A few years later when I bought an engagement ring for my wife Bridget, I showed the ring to Sandy before I even showed it to Bridget.
"You better invite me to the wedding," she said.
"Of course. I want you to be there."
She was there, dancing to the German polka band.
When the Steve and Garry show experience got to be a little too much for me a few years later, I talked to Sandy in the Loop hallways, trying to figure out what was next for me.
"You're a wonderful writer," she said. "You should pursue that."
"I don't have the slightest idea where to start."
"I'll make a phone call," she said.
The next week I had my own radio column in a publication called "Chicago Advertising & Media," and I've been writing ever since.
Sandy and John moved to Seattle shortly after that. I was heartbroken that she was leaving (as was everyone else on the staff), but we knew that the opportunity in Seattle was too good to pass up. I gave her a coffee table book with photos of Chicago so that she would always be able to see the city she loved so much.
The last time I saw her in person was about five years ago. She looked exactly the same as she did the day I met her in 1986. I gave her a big hug and told her I missed her.
"I think about you often," she said. "We still have that book you gave us and it reminds us of the good times we had here."
There are only a handful of people in my life that were as influential to me as Sandy Stahl. I will always appreciate everything she did for me, and I will never forget her warm smile and her huge loving heart.
Rest in peace, Sandy. We all loved you very much.
Tuesday, July 01, 2008
By Rick Kaempfer
We just got back from vacation, and I’m still in shock.
We rented a condo on the beach in Hilton Head, and invited my mother, my sister, and my brother’s family (including his two boys, ages 8 & 5) to join us.
Let me pinpoint the possible areas of conflict…
*We had five boys under the age of 13 sleeping in the same room.
*We had two daughter-in-laws, a daughter, and a German mother all “equally in charge” of making the food for the week.
*We only had two bathrooms.
*At least four family members have no business sitting in the sun because their skin is virtually translucent…and this was a beach vacation.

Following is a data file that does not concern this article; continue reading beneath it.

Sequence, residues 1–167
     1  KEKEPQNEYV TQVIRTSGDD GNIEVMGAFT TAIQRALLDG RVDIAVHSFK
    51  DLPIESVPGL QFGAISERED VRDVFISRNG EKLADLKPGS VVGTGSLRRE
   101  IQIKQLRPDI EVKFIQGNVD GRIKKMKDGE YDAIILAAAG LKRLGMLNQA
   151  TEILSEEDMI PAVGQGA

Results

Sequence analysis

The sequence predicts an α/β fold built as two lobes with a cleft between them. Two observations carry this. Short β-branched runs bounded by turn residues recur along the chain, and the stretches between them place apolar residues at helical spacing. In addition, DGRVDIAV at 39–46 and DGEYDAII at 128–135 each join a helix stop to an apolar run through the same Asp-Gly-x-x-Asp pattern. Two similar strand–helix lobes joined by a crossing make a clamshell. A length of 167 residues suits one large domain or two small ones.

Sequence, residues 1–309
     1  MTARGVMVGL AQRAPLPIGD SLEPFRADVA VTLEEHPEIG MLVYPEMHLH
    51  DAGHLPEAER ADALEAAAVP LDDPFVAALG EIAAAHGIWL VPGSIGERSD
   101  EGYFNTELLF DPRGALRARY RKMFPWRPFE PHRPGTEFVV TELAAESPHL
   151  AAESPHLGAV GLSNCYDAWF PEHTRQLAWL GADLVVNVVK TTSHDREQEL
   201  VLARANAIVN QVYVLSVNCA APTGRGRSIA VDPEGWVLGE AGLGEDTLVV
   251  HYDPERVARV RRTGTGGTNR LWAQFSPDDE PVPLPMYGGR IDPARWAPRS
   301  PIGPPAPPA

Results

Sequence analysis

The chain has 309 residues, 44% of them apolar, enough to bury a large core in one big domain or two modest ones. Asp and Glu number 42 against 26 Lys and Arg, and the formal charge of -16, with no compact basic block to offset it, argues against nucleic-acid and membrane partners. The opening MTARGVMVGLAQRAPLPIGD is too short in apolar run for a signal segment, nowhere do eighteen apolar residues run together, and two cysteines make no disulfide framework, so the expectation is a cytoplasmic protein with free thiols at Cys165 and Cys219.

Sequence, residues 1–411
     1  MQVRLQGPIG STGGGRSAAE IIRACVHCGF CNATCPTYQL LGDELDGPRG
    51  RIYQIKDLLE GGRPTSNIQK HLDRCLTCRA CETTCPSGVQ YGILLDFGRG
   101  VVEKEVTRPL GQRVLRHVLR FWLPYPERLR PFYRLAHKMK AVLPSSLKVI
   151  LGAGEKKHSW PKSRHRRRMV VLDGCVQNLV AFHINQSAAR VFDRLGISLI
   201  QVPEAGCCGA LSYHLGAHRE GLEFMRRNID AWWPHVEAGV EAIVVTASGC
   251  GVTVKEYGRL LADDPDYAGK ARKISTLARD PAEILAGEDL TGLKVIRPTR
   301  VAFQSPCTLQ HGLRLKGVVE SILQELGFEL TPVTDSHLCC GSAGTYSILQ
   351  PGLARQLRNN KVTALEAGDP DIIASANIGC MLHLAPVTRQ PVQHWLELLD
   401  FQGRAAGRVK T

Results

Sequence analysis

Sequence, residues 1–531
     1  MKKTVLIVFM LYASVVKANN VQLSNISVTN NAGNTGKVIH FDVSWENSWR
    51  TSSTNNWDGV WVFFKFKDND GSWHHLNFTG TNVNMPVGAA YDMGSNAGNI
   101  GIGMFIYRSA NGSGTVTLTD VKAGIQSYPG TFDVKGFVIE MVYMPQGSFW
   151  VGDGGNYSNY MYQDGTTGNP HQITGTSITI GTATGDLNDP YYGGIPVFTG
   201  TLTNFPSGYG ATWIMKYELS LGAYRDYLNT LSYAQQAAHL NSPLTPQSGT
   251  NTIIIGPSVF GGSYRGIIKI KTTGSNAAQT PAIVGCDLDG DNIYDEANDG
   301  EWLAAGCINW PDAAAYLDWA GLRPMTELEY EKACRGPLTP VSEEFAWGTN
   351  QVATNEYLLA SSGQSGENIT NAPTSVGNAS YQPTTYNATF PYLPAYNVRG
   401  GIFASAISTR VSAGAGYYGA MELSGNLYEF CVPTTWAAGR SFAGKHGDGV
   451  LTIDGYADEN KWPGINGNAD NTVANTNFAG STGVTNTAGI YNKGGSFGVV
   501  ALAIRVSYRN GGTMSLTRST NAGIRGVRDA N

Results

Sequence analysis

You’ll never guess what happened. Would you believe it went off without a hitch?
I’m still in shock. The boys played together so nicely I checked their temperatures to make sure they weren’t sick. They played in the ocean for hours at a time (with minimal fighting), ate what they were supposed to eat (with minimal complaining), and more or less went to bed when they were supposed to go to bed (with minimal hassles).
The women didn’t get into a single fight about what groceries to buy and what to make for dinner. They worked together so nicely I checked their temperatures to make sure they weren’t sick. The German mother was so relaxed and happy that no more than a half-dozen “I told you so’s” flopped out, and no one snapped when they did.
We only had one “incident” with the two bathrooms…and this was only because I allowed all five boys to play on their Nintendo DS games at the same time for a few hours. I know, I know. It was a moment of weakness on my part. They had been so good I thought they deserved a reward. I wasn’t considering that all of them would “hold it” the entire time they were playing, and then need to release the hold at the same time. (Although the hopping in the hallway while they waited their turns was pretty amusing)
We somehow even managed to avoid sunburn the entire week, despite spending untold hours at the beach. Even my oldest and youngest boys Tommy and Sean (who take after their Irish mother) didn’t burn. The 50 SPF suntan lotion worked. They even got a little color. I’ve upgraded them from “ivory” to “Navajo White”.
How well did this vacation go? Tommy (who is a pre-teen in every sense of the word now) actually said these three words in a row…. “This is fun.”
That’s the upside. It was our best vacation ever. The downside is that I don’t have any amusing stories of family conflict to share.
I hope you’ll forgive me this one time.